Monday, April 23, 2007

Numbers 12

Numbers 12: Miriam and Aaron get jealous


In the last chapter, we saw a great example of Moses’ humility: When the LORD took some of His Spirit off of Moses, and put that Spirit on the other leaders, Moses didn’t get jealous. Instead, he was happy that the LORD’s will was being done, regardless of who was doing it. In this chapter, we see the opposite: Moses’ siblings, Miriam and Aaron, seem to be jealous of Moses’ special relationship with the LORD.

Their concern starts off with the fact that Moses had married a Cushite, instead of an Israelite. (After all, the Israelites were the LORD’s chosen people—not the Cushites.) However, verse 2 indicates that this wasn’t their only concern—or even their primary concern:

“Has the LORD spoken only through Moses?” they asked. “Hasn’t he also spoken through us?” And the LORD heard this.

In other words, “What’s so great about Moses? The LORD speaks to us, too!” I don’t actually recall a mention in the Bible of God speaking directly to Aaron or Miriam, I only remember cases where He spoke to the entire Israelite community, but it’s possible that they’re referring to an incident that wasn’t recorded. Or, they’re just blowing smoke.

But this passage is then, again, contrasted with Moses’ humility, in a parenthetical aside:

(Now Moses was a very humble man, more humble than anyone else on the face of the earth.) (verse 3)

(I was actually thinking of this verse, while writing about the last chapter, when I was talking about Moses’ humility. If I could have remembered where it was, I would have quoted it, but I thought it was in Deuteronomy somewhere. I feel silly, now that I see it was in the very next chapter!)

So the LORD decides to nip this in the bud. He calls them to come to the Tent of Meeting—and it almost sounds like He is summoning unruly children: “… Come out to the Tent of Meeting, all three of you. …” (verse 4). They do so, and then He calls forward Miriam and Aaron, to properly explain to them Moses’ position:

he said, “Listen to my words:
  “When a prophet of the LORD is among you,
  I reveal myself to him in visions,
  I speak to him in dreams.

But this is not true of my servant Moses;
  he is faithful in all my house.

With him I speak face to face,
  clearly and not in riddles;
  he sees the form of the LORD.
  Why then were you not afraid
  to speak against my servant Moses?”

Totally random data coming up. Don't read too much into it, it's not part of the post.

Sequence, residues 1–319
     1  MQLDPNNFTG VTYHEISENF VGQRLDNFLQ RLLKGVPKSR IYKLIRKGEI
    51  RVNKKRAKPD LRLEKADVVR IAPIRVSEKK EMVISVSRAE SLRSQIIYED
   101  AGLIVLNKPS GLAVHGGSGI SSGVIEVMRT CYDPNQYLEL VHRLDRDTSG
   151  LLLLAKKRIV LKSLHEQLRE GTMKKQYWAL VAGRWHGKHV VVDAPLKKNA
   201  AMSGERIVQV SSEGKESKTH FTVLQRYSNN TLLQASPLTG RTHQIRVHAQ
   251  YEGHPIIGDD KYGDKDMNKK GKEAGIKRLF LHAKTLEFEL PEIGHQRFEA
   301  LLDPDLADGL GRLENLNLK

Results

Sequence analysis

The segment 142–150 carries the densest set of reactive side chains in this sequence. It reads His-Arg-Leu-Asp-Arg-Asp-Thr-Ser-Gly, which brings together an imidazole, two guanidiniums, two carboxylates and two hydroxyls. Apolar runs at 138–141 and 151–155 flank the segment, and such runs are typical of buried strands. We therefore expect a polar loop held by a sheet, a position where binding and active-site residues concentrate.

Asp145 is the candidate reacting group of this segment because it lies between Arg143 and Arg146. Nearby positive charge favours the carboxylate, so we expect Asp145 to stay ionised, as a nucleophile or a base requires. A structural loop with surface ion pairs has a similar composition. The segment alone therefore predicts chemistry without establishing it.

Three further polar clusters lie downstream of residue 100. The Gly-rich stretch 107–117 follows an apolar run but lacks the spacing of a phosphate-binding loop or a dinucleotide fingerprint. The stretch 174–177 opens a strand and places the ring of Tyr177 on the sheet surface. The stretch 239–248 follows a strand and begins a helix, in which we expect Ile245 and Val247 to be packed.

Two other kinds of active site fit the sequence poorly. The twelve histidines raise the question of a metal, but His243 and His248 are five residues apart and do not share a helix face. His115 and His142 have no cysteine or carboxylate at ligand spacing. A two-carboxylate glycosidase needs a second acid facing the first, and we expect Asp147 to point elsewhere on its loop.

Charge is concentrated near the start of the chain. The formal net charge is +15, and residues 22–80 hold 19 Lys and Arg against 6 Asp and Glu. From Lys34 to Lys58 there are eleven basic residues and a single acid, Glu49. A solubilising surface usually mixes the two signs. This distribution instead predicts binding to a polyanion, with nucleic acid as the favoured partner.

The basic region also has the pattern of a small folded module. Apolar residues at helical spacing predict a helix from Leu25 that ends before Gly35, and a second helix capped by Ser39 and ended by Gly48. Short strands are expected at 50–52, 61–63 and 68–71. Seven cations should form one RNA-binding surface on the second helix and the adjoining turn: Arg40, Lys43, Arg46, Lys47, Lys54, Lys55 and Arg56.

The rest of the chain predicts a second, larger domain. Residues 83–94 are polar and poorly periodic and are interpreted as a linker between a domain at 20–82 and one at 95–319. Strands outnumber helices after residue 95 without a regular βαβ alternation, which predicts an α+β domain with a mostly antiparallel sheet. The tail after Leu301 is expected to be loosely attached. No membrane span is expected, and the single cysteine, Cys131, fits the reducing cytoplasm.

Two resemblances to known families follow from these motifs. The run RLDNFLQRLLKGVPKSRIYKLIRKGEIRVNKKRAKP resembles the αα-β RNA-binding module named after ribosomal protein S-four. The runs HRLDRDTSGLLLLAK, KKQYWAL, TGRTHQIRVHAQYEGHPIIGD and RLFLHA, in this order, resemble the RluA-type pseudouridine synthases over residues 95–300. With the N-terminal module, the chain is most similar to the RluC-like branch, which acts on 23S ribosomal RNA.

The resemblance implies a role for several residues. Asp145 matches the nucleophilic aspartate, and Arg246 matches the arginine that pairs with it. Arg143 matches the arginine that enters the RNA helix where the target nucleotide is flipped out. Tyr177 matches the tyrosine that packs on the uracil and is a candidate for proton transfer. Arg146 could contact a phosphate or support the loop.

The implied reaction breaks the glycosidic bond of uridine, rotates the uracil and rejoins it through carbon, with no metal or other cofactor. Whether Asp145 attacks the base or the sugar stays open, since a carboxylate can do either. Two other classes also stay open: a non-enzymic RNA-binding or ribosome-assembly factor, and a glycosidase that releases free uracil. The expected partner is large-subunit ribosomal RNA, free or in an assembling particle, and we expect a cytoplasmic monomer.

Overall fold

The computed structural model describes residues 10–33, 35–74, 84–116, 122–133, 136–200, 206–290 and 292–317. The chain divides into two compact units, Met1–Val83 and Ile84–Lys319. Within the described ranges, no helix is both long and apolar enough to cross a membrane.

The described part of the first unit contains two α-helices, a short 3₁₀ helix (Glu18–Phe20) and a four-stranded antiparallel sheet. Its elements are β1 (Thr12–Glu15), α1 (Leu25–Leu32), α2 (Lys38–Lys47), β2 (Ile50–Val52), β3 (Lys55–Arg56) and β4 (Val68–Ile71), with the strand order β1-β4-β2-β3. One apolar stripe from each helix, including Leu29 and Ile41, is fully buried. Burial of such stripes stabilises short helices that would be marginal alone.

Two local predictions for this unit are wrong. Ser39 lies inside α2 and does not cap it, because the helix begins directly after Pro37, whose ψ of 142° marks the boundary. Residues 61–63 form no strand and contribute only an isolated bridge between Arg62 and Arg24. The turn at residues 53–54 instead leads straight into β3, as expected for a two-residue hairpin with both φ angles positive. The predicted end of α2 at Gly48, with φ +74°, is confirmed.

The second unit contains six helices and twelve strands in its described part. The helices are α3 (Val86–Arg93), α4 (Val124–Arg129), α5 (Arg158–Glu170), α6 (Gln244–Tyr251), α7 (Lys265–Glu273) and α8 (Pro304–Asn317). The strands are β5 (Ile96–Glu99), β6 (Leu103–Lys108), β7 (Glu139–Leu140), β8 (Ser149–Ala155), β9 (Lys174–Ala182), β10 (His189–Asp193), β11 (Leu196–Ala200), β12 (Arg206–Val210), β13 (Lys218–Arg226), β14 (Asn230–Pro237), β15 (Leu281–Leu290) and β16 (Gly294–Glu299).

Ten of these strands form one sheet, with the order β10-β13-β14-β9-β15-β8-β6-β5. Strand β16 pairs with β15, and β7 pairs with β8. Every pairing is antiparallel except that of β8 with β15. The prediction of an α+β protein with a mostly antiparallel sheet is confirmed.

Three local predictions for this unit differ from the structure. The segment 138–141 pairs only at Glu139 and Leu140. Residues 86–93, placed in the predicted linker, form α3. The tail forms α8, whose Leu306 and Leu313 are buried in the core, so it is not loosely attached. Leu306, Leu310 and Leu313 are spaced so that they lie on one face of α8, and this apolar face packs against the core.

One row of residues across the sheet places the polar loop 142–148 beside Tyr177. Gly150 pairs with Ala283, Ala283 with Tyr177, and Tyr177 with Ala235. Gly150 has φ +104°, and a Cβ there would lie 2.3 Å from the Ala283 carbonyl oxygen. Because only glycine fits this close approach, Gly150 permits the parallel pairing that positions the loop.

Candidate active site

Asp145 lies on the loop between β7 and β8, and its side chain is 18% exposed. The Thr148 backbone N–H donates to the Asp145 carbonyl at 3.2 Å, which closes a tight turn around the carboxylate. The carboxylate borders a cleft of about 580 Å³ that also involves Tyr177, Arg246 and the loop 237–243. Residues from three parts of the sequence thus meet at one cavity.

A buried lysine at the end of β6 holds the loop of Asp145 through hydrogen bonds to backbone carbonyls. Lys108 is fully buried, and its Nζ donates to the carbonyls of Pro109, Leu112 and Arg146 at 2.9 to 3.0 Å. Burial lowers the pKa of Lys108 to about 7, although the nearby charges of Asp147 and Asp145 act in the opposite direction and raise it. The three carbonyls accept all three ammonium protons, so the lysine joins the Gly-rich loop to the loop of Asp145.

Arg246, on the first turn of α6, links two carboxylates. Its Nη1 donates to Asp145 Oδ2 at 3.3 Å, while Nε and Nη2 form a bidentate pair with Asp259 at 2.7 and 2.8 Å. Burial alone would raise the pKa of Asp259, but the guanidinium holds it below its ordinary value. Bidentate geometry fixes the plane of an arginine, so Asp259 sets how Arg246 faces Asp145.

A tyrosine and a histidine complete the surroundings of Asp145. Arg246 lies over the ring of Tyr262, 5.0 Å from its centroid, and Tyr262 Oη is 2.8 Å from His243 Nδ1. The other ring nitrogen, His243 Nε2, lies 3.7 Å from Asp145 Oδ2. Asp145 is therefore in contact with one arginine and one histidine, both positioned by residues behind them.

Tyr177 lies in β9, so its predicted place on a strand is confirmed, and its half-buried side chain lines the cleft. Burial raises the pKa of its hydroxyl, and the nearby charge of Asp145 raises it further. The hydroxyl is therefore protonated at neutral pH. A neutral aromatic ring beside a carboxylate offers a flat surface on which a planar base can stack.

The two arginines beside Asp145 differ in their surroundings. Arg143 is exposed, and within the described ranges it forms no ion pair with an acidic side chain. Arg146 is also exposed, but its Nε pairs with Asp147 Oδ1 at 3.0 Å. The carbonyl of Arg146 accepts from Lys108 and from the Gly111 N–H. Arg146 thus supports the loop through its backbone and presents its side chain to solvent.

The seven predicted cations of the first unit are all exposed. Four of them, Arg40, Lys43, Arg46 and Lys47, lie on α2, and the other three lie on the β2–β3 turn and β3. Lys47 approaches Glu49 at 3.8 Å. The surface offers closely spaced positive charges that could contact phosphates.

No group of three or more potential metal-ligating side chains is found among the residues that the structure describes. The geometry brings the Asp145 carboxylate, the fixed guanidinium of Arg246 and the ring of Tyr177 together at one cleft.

The anger of the LORD burned against them, and he left them.

(verses 6–9)

After this, the LORD’s cloud lifts from the Tent, and they find that Miriam has been struck with some form of skin disease. (As usual, the text says that she was “leprous,” but with a footnote indicating that the word doesn’t necessarily mean “leprosy,” just some form of skin disease.) When Aaron sees Miriam, he immediately repents:

“Please, my lord, do not hold against us the sin we have so foolishly committed. Do not let her be like a stillborn infant coming from its mother’s womb with its flesh half eaten away.” (verses 11b–12)

Moses then pleads with the LORD to heal her, and I love the LORD’s response:

The LORD replied to Moses, “If her father had spit in her face, would she not have been in disgrace for seven days? Confine her outside the camp for seven days; after that she can be brought back.” So Miriam was confined outside the camp for seven days, and the people did not move on till she was brought back. (verses 14–15)


This passage quoted above, from verses 6–9, makes it clear that Moses was more than just a prophet: he saw the LORD in a unique, and special way. He, in fact, actually saw the LORD—or at least “the form of the LORD.” Other passages refer to Moses speaking with the LORD “face to face.”

Which makes Moses’ humility all the more striking. I don’t know the cause or effect—whether the LORD had His special relationship with Moses because of Moses’ humility, or if Moses was humble because he’d seen himself more directly compared with the LORD than anyone else ever had—and it gets even more confusing to try and determine causality when the LORD is in control of everything. But it doesn’t matter; regardless of the cause or effect, emulating Moses’ humility is something we should strive for, as Christians.


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